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Heterocyclic imines and pyrazine N-oxides from iminodiacetonitrile.

Barot, Nandkishor Raojibhai. (1971) Heterocyclic imines and pyrazine N-oxides from iminodiacetonitrile. Doctoral thesis, University of Surrey (United Kingdom)..

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PART I. HETEROCYCLIC IMINES FROM IMIHODIACETONITRILE. Reaction of N-benzyliminodiacetonitrile with alcoholic ammonia under pressure but best as sodamide in formamide under nitrogen gives the imidine, 4-benzyl-2,6-diiminopiperazine. The imino groups of this compound undergo stepwise displacement reaction with water and hydroxylamine. The hydroxylamine product, 4-benzyl-2,6-dihydroxyiminopiperazine, is also obtained by cyclisation of the bisamidoxime and direct from the dinitrile. The dinitrile with aniline and 2-aminopyridine (as anion) affords 4-benzyl-2-imino-6-phenyliminopiperazine and the 6-(2-pyridyl)-imino analogue, although attempts to prepare these compounds from the imidine were abortive. Iminodiacetonitrile itself with sodamide in formamide gives 2,6-diformyliminopiperazine. Iminodiacetonitrile and its N-acetyl and benzoyl derivatives add hydroxylamine at room temperature giving acyclic bisamidoximes which with aqueous alcoholic hydroxylamine hydrochloride at reflux temperature afford the corresponding 2,6-dihydroxyiminopiperazines which are prepared directly from the dinitriles by refluxing with aqueous alcoholic mixture of hydroxylamine and its hydrochloride. However, tri(cyanomethyl)amine under similar reaction condition yields the acyclic trisamidoxime. Nevertheless, the trinitrile with sodamide in formamide gives the imidine, 2,6-diiminopiperazine-4-acetonitrile, which is hydrolysed by water to 6-imino-2-oxopiperazine-4-acetamide. PART II. PYRAZINE N-OXIDES FROM IMINODIACETONITRILE. Iminodiacetonitrile with hydroxylamine under optimum reaction conditions (which was discovered by experiment) affords 2,6-dihydroxyirninopiperazine with hydroxylamine hydrochloride together with 2-amino-6-hydroxyaminopyrazine l-oxide. The former separates as its insoluble complex and after this has been filtered off, the latter crystallises out from the solution as monohydrate. Catalytic reduction of the latter using Adam's catalyst results in uptake of one molecular equivalent of hydrogen and formation of 2,6-diaminopyrazine 1-oxide. Acetylation at room temperature then gives 2,6-diacetamidopyrazine-1-oxide. Treatment of 2,6-dihydroxyiminopiperazine with 10% palladium-on-charcoal catalyst in boiling o-dichlorobenzene affords 2,6-diaminopyrazine in poor yield, which with acetic-anhydride at room temperature gives 2,6-diacetamidopyrazine and is also obtained by deoxygenation of 2,6-diacetamidopyrazine 1-oxide using sodium dithionite.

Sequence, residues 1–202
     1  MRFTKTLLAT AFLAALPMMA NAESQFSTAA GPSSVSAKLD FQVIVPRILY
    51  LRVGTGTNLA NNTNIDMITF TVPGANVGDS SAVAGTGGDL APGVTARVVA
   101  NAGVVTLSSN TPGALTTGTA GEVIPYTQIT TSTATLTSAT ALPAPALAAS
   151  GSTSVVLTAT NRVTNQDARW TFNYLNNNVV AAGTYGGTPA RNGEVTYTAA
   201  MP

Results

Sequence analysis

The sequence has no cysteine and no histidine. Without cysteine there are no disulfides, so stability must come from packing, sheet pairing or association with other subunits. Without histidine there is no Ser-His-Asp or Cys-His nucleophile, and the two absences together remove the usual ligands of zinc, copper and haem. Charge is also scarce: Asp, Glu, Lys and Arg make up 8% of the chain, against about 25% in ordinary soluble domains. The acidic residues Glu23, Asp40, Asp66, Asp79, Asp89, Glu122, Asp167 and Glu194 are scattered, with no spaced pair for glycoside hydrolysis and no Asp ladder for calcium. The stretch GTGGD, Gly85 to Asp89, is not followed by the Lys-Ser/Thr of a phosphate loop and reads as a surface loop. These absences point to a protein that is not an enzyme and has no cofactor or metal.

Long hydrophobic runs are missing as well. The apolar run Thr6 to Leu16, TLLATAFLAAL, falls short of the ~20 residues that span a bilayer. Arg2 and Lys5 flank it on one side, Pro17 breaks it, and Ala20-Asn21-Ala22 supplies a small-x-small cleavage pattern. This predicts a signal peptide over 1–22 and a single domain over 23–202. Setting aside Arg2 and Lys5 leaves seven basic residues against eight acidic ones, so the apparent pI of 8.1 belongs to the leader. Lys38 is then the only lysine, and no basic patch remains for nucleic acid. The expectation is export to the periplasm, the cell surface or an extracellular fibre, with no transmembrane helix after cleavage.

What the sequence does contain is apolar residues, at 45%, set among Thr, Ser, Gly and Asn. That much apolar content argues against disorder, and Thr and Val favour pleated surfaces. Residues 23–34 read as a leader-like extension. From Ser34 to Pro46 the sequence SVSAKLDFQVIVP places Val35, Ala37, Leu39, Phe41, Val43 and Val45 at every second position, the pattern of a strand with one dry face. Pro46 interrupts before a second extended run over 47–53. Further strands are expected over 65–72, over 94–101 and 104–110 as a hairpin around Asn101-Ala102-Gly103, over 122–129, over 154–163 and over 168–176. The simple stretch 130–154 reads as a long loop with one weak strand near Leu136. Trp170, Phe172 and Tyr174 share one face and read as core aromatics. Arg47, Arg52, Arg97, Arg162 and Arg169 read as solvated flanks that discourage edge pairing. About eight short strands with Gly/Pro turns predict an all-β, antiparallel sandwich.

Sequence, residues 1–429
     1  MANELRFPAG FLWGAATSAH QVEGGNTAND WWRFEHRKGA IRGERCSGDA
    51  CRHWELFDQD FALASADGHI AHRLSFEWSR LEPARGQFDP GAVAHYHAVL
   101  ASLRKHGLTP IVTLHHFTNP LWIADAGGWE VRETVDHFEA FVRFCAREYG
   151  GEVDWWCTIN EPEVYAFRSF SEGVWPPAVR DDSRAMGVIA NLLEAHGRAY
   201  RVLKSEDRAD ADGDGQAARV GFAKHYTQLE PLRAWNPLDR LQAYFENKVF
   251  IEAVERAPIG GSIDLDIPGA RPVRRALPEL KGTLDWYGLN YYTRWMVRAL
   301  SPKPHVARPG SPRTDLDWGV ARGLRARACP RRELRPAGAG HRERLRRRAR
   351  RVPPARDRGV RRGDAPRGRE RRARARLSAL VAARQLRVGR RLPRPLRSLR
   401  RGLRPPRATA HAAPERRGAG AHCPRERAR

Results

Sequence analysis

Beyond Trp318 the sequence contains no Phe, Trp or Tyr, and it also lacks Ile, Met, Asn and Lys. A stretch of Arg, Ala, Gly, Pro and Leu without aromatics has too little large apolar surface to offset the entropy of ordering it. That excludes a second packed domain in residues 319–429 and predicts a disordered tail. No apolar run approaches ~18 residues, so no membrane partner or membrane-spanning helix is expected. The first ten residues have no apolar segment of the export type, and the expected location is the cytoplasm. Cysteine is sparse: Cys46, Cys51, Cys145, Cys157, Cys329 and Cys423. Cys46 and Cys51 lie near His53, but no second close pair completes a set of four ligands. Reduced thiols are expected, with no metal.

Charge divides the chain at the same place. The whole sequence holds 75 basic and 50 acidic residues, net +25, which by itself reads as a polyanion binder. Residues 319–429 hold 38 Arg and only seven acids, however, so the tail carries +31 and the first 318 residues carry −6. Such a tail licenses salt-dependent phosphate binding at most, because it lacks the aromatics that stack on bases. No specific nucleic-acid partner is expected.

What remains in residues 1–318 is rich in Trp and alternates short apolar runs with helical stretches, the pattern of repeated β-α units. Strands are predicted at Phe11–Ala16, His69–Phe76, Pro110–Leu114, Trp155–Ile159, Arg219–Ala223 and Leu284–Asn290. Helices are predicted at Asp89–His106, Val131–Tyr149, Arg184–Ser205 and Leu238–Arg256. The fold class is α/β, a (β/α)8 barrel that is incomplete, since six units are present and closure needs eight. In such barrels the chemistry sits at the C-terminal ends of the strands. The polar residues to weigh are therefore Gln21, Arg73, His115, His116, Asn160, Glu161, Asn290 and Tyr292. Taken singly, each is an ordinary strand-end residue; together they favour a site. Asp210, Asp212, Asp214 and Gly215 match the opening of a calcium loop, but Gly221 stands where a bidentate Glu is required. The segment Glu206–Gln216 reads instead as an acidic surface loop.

Item Type: Thesis (Doctoral)
Divisions : Theses
Authors :
Barot, Nandkishor Raojibhai.
Date : 1971
Contributors :
Additional Information : Thesis (Ph.D.)--University of Surrey (United Kingdom), 1971.
Depositing User : EPrints Services
Date Deposited : 22 Jun 2018 09:50
Last Modified : 06 Nov 2018 16:52

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